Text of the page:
The intestinal flora stimulates an person’s immune responses to combat cancer during chemotherapy, according to newly published research. The efficacy of cyclophosphamide, a commonly used chemotherapy agent, relies to an extent on its capacity to mobilize certain bacteria from the intestinal flora toward the bloodstream and lymph nodes.

Cyclophosphamide is one of the most widely used drugs in chemotherapy. However, like any treatment, it involves side effects, such as inflammation of the mucosa, and disrupts the normal balance of the intestinal microbiota. Certain Gram-positive bacteria can pass the intestinal barrier and enter the bloodstream and lymph nodes.

Once inside the lymph nodes, these bacteria stimulate fresh immune defenses that then enhance the body’s ability to fight the malignant tumor. These bacteria, once in the general circulation of the body, may be considered harmful, and the body generates an immune response.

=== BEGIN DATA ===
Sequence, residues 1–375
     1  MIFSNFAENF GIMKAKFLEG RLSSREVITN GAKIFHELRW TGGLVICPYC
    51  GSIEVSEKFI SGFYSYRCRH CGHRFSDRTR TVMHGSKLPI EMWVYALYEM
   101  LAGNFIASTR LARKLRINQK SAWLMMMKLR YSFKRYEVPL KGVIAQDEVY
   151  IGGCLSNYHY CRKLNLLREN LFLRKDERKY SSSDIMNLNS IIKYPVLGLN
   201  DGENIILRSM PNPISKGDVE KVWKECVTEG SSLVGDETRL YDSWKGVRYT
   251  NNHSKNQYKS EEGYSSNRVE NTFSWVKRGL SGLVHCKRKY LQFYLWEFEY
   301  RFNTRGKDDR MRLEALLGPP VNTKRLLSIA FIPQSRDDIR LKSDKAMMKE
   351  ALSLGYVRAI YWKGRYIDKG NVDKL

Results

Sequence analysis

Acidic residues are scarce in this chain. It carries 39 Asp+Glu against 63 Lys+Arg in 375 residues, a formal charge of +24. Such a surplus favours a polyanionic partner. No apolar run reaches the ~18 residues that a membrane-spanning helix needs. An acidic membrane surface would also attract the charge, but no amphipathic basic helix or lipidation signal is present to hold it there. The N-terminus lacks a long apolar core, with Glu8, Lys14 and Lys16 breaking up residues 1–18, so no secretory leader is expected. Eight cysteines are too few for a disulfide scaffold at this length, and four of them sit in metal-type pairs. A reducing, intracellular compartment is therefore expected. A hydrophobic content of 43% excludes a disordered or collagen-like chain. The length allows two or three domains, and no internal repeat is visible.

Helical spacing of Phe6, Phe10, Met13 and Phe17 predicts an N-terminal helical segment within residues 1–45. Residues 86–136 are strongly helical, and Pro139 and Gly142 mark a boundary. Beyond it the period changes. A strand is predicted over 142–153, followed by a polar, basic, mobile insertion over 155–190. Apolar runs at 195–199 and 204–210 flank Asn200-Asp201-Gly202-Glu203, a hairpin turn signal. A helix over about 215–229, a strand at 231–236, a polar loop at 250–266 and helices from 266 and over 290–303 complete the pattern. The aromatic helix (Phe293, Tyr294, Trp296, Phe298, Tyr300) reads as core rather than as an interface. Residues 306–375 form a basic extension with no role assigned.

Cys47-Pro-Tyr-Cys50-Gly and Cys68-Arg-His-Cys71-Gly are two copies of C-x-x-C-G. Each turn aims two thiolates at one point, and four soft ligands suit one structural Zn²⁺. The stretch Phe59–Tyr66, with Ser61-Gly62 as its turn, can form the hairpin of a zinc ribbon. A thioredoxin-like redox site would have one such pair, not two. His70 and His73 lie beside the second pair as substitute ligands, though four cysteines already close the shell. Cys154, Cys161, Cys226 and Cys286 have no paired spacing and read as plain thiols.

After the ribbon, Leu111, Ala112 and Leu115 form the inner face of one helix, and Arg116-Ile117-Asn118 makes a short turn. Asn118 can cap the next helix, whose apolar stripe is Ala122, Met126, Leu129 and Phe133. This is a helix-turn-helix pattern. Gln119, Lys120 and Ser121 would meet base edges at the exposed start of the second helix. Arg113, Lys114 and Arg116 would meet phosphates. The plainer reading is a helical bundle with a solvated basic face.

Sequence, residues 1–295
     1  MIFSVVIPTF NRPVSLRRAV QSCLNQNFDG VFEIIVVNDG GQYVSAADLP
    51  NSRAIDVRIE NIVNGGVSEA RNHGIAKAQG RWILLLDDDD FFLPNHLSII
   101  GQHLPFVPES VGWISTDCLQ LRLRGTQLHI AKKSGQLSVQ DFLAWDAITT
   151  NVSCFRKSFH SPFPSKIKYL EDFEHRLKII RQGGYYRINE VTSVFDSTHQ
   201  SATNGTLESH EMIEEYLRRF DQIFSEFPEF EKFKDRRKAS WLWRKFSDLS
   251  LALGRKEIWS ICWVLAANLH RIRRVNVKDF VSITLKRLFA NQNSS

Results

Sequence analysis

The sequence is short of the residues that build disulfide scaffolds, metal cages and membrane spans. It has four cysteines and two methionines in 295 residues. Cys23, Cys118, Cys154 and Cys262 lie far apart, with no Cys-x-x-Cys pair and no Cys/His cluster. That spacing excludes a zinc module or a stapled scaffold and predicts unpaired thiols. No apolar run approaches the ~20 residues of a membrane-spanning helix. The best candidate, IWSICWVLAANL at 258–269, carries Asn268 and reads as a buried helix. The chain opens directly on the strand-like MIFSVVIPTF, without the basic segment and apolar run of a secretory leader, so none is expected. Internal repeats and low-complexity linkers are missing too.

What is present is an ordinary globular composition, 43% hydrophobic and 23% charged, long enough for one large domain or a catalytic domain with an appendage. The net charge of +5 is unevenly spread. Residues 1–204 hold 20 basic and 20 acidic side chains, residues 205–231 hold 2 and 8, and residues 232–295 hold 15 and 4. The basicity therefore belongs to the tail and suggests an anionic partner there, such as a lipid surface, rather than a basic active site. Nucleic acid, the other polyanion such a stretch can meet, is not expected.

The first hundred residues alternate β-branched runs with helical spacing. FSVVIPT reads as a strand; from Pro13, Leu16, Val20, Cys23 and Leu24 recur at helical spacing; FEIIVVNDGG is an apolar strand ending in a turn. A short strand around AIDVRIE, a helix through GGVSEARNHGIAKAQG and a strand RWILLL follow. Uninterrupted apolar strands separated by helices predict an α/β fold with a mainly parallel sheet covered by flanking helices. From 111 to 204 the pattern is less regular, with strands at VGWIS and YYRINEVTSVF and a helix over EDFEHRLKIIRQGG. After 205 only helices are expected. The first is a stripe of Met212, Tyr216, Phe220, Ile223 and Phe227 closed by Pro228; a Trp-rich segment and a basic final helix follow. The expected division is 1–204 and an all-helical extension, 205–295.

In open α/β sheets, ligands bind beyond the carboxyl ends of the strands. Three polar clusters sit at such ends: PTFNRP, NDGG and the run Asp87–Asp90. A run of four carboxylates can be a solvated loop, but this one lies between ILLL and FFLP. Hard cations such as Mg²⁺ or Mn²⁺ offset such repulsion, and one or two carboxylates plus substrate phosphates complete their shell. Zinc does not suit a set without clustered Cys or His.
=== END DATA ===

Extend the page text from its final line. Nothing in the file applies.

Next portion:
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“This chain reaction, a side effect of the treatment, actually turns out to be very useful,” explained corresponding author Laurence Zitvogel, PhD, of Institut Gustave Roussy in Villejuif, France. “Surprisingly, the immune response directed against these bacteria helps the patient to better fight his/her tumor, by stimulating fresh immune defense mechanisms.”

More specifically, immunization against bacteria leads to the recruitment of effector lymphocytes different from those mobilized by chemotherapy. These effector lymphocytes help antitumor lymphocytes to stem the growth of tumors.

These results were examined in tumor-bearing mice that were germ-free or had been treated with antibiotics to kill Gram-positive bacteria; the tumors of these mice were resistant to cyclophosphamide. When these mice received a transfer of the pathogenic T-helper cells, the cyclophosphamide had some of its efficacy restored.

The researchers also suggested that some antibiotics used during chemotherapy may destroy these Gram-positive bacteria, and thus negate their beneficial effect. This study was published in Science (2013; doi:10.1126/science.1240537).